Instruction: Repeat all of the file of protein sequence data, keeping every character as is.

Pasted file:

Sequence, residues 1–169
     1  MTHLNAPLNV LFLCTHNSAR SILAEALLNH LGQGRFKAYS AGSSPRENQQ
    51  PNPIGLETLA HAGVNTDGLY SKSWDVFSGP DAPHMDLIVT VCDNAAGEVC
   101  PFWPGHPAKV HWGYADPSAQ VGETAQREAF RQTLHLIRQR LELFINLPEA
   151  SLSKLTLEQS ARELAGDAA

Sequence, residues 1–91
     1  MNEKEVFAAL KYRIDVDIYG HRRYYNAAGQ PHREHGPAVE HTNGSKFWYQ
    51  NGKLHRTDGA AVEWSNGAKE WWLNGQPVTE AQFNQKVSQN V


Sequence, residues 1–169
     1  MTHLNAPLNV LFLCTHNSAR SILAEALLNH LGQGRFKAYS AGSSPRENQQ
    51  PNPIGLETLA HAGVNTDGLY SKSWDVFSGP DAPHMDLIVT VCDNAAGEVC
   101  PFWPGHPAKV HWGYADPSAQ VGETAQREAF RQTLHLIRQR LELFINLPEA
   151  SLSKLTLEQS ARELAGDAA

Sequence, residues 1–91
     1  MNEKEVFAAL KYRIDVDIYG HRRYYNAAGQ PHREHGPAVE HTNGSKFWYQ
    51  NGKLHRTDGA AVEWSNGAKE WWLNGQPVTE AQFNQKVSQN V